Our History

In the beginning ... Harvest House began very modestly; Rivergate Church leadership had a vision for a mercy ministry to the surrounding community in conjunction with the church’s move into its new facility (the old Wal-Mart building) near 71st and Riverside Drive in 1996. Virginia Runnels contributed her experience with another Tulsa agency providing similar services to launch this fledgling agency.

Launched . . In 1997 Harvest House was off to a positive start, its one volunteer with a folding table and chair were set up in a children’s Sunday school room with a wastebasket but no phone. A few cans of food and odds and ends of clothing were in a pantry down the hall. Numbers of clients and resources were initially very small; word of mouth began to bring in clients. Harvest House growth has been organic, and has always been driven by the demand for services as numbers of clients increased and donations of food and clothing kept pace.

The growth years ... The number of volunteers has grown from just the one, and seems to always expand to meet the need as more clients come in. Rivergate increased funding and finding more space as clothing and food supplies grew, moving from one place to another within the building. With more financial resources, services were expanded. Systemic growth was driven by demand and resources stretched to accommodate the needs as more clients learned about this quality service agency and its caring volunteers.

Guiding principles Harvest House Director Virginia Runnels established very early the guiding principle that became the cornerstone of the Harvest House operation: the dignity of the individual. Services have always been delivered in a manner designed to affirm dignity and convey a sense of value and worth to the individuals being served. That was true on day one and is still a driving motivation of the Harvest House volunteers today.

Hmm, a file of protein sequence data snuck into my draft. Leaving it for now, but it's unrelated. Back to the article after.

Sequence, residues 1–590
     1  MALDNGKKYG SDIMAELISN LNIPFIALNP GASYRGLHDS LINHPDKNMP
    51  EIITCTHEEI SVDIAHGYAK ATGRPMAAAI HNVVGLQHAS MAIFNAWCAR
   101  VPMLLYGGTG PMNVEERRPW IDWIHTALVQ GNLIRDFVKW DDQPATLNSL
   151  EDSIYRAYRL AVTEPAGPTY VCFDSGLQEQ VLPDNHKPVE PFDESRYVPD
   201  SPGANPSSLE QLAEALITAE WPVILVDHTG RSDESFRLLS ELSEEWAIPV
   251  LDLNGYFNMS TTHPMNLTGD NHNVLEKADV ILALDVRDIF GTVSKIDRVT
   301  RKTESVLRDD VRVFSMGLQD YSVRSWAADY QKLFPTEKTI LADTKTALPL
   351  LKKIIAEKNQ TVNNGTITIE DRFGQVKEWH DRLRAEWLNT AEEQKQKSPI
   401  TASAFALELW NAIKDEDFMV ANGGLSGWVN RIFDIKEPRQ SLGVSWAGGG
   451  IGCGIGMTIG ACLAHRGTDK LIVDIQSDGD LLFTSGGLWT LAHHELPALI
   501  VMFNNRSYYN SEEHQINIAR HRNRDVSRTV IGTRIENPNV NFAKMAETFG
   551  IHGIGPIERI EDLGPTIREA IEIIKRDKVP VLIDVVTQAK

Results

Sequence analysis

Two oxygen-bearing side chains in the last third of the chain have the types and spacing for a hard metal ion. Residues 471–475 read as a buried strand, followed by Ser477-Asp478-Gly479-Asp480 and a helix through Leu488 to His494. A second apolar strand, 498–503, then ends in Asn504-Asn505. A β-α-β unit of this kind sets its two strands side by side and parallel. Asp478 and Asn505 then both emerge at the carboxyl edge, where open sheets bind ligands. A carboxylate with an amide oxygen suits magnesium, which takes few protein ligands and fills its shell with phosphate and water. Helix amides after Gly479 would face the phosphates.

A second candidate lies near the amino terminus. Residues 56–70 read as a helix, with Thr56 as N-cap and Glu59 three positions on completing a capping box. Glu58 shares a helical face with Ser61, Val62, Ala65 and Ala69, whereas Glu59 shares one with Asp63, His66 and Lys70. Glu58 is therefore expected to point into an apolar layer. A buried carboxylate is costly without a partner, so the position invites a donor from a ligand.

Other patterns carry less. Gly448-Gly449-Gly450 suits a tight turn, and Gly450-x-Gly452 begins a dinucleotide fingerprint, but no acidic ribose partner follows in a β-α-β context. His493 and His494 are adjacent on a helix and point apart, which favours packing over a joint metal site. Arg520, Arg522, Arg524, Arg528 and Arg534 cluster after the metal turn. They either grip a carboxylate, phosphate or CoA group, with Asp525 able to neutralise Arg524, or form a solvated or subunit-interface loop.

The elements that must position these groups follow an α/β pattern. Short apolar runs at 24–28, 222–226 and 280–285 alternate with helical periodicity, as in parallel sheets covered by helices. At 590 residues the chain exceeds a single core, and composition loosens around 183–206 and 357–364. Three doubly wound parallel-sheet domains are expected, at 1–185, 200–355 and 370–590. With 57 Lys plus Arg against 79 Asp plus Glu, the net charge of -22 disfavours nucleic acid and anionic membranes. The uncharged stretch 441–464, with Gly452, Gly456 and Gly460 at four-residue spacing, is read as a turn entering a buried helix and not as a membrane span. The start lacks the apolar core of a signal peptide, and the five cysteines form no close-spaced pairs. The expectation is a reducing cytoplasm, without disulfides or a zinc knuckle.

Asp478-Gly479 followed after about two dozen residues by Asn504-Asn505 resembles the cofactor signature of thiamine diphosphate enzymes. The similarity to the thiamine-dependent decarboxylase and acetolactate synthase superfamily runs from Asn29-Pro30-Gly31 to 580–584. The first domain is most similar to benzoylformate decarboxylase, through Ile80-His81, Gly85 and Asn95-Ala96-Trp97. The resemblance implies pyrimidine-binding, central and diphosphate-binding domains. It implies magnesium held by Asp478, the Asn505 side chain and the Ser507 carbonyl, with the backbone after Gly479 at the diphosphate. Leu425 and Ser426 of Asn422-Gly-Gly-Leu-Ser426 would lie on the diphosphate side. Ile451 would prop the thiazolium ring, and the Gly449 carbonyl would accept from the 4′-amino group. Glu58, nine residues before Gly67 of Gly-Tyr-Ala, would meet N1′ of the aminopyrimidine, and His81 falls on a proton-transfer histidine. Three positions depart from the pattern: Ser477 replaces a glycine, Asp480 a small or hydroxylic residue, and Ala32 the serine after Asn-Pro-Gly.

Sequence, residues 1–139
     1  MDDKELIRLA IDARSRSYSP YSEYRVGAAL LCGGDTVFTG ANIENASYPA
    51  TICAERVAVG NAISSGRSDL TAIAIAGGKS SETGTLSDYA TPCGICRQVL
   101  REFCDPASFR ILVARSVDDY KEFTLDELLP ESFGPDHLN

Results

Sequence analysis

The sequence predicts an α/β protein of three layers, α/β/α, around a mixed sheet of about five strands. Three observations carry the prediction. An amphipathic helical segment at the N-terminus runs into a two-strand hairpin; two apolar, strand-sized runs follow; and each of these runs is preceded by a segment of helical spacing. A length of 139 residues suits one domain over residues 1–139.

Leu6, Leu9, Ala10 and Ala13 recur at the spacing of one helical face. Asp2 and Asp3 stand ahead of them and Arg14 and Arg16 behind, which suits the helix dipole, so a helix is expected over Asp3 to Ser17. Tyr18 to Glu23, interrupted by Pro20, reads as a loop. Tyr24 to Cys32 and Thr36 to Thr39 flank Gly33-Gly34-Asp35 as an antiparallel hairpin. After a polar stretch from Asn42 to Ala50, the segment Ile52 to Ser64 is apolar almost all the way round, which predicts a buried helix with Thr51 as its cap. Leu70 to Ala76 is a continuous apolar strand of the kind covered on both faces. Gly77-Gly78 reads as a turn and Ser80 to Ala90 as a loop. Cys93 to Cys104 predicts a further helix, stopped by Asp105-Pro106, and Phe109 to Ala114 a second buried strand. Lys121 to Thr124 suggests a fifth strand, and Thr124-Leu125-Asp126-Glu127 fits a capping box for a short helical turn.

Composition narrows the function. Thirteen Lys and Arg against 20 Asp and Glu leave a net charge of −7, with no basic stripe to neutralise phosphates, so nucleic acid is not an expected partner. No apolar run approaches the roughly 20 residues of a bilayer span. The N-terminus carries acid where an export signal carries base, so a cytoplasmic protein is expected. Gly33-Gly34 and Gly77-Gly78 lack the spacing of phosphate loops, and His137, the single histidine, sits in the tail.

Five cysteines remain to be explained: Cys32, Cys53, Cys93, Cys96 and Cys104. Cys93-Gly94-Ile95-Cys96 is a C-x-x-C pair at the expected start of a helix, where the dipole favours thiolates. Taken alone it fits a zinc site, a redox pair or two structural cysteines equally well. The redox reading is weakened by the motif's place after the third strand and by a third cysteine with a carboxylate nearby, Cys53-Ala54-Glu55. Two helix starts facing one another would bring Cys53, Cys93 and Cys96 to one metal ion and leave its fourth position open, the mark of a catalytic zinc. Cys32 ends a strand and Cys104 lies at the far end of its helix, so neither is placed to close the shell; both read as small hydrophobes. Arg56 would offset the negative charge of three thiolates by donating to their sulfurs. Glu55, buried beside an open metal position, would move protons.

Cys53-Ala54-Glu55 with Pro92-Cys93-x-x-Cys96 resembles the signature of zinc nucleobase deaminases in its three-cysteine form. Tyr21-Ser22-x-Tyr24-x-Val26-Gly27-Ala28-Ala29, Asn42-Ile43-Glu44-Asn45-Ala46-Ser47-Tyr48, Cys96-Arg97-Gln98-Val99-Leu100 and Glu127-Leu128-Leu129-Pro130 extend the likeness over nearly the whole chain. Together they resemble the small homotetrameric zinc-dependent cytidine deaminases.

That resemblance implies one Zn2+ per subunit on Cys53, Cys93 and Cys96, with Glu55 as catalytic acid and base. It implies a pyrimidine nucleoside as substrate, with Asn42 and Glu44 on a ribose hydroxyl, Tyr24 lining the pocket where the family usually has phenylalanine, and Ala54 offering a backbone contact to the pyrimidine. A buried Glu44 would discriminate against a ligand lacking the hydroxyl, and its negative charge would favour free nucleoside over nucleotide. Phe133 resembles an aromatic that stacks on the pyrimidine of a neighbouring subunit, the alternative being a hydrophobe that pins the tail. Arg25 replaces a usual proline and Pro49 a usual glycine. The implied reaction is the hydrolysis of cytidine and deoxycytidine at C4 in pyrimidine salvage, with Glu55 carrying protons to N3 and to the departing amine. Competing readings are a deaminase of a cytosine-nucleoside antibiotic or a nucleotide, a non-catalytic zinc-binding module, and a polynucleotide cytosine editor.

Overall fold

Transitions ... In 2003 RiverGate Church allocated a 6,000 sq. ft. space in the unused portion of its building and many office furnishings to be used by Harvest House. Virginia Runnels retired from her position as Harvest House Director in 2005 but continued her involvement as a board member until her untimely passing in October, 2014; the current Executive Director, Marlene Cunningham, was named her successor by the Board in 2005."

Partnering with the community ... The economic recession of 2008 made it clear that the need for our services was about to experience rapid growth. Since these economic realities also impacted the church membership, it became clear that it was time to partner with the Tulsa community for additional support to meet the growing needs. Consequently, work was done to make Harvest House ‘grants eligible’ and communication was established with the remarkable foundation community in the Tulsa area. Expansion of our services has been made made possible by the generous support of several local foundations and many committed individuals and local churches.